Advent weeks are the best proof that just waiting for the holiday is even more beautiful than a holiday itself. These dark weeks of winter are filled with warmth, coziness and magic from childhood. If you are going in December to one of the countries where the Advent period is celebrated, this information will be interesting for you. Do not forget to organize your trip beforehand- hire a car.
Advent (from the Latin. Adventus – ‘parish’) is the name of the pre-Christmas period, celebrated among the Christians of the Catholic Church, similar to the period of the Nativity Fast in the East. Advent is a waiting time preceding the feast of the Nativity of Christ, during which Christians are preparing for the feast. The first day of Advent in the Roman rite is defined as the 4th Sunday before Christmas (depending on the year, this Sunday falls from November 27 to December 3).
Advent is divided into two calendar stages:
- from the first Sunday to December 16 – is dedicated to reflections on the future Second Coming of Jesus Christ;
- from December 17 to December 24 (Novena – nine days of Christmas pre-celebration) – is a direct preparation for the celebration of Christmas and it is dedicated to the memory of the First Coming of Jesus Christ into the world – the Incarnation.
All Sundays of Advent are equal in importance to the great holidays, and if any other holiday falls on Advent Sunday, it is postponed to Monday. The first Sunday of Advent is considered the beginning of a new liturgical (church) year. Each Sunday of Advent is dedicated to a specific memory, which corresponds to the Gospel readings during the service.
- the first Sunday is dedicated to the future coming of Jesus Christ at the end of time,
- the second and the third are dedicated to John the Baptist, who preceded the public ministry of Christ,
- the fourth is dedicated to the events immediately preceding the birth of the Son of God and the special place of Virgin Mary in the mystery of the Incarnation.
At the first Sunday of Advent, the first candle in the Advent wreath – the candle of Prophecy – is lit. It symbolizes the Old Testament prophecies of the coming of the Savior.
There are two spiritual meanings of Advent. First of all, this is the period of preparation for the celebration of Christmas; secondly, the Church during this period in a special way encourages believers to reflect on the theme of the future second coming of Christ. The first evidence of pre-Christmas time celebration dates back to the year 380. One of the best-known traditions of Advent is the “Advent wreath”. This is a wreath made of fir branches, into which 4 candles are woven. One candle is lit of the first Sunday of Advent, two candles- on the second, and so on, that is, it becomes brighter every week. With such wreaths are decorated both churches and houses of religious people.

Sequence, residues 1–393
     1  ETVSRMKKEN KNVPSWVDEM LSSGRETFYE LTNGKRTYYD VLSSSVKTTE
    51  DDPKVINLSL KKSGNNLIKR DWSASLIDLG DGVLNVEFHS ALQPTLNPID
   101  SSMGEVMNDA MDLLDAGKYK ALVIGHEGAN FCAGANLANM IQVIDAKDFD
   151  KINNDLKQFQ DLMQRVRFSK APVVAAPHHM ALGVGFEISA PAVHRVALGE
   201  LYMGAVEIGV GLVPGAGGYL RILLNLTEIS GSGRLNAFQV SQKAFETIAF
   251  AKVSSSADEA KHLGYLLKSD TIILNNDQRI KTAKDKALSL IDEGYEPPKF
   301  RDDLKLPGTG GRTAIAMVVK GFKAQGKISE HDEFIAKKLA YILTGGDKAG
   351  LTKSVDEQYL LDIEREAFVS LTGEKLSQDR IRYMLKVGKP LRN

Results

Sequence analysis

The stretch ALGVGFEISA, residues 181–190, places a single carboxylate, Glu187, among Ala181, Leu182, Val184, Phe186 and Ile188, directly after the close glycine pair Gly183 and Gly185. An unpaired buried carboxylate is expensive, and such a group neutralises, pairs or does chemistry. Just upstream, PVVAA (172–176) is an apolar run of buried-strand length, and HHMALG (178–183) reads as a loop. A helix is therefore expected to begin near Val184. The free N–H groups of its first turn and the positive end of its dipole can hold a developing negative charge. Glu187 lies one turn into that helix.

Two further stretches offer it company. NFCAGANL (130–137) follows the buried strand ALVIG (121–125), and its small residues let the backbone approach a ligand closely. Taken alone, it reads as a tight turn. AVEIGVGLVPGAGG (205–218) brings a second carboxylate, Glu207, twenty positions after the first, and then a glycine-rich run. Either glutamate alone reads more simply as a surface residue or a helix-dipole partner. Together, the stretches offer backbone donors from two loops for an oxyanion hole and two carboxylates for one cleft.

The Advent calendar (or holiday waiting calendar) was invented in Germany in 1903 by Gerhard Lang. When he was a child, on the eve of Christmas his mother baked 24 meringues and attached them to cardboard, so that her son would know how much was left for Christmas Eve. When Lang grew up and became the owner of the printing house, his company was the first in the world to release an Advent calendar with 24 multi-colored Christmas themes. On top of poems, children were able to stick pictures of dancing bakers making pretzels, and angels working in German mail. In 1920, the publishing house developed the first calendar with opening doors and patented its invention.
The most familiar form of the Advent calendar is a box with 24 opening windows, containing chocolate-made figurines. It is called “New Year’s set” and it can now be bought almost in every grocery store in Europe. Moreover, you can find different types of the calendar. For example, residents of Scandinavian countries, with their inherent sense of humor, make the Advent calendar in the form of a pig, without which the Christmas dinner could not be imagined. In the big potato, they stick matches by the number of days of Advent, make legs out of sticks, a small tail is made of swirling wood chips and a muzzle is made of cardboard with a pink heel.
There is another tradition associated with the period of Advent, which is called ‘the Christmas stairs’. This is an unusual staircase. Most often, it is arranged in Sunday school classes. Ideally, these are steps that correspond to the number of Advent days. At the very top of the stairs is the Star of Bethlehem, and at the bottom – an empty manger with hay. On the steps, there is a figure of the infant Christ. Day after day, as Christmas approaches, this figure moves down the steps to be in a manger on December 25. Like the Advent calendar, this kind of ladder helps kids to clearly feel the approaching joyful holiday.
Advent calendars are very popular in Europe today. You can also make a calendar yourself. The easiest way is to draw a calendar of December on a large sheet of thick paper and hang a bag with a souvenir on each cell (these can be gingerbread, small toys, New Year cards or Christmas-tree decorations). For older children, these can be some simple tasks (to cook hot chocolate, to learn a winter poem, etc.). This will help the child not only to realize how much time is left before the holiday, but also to have time to prepare for it.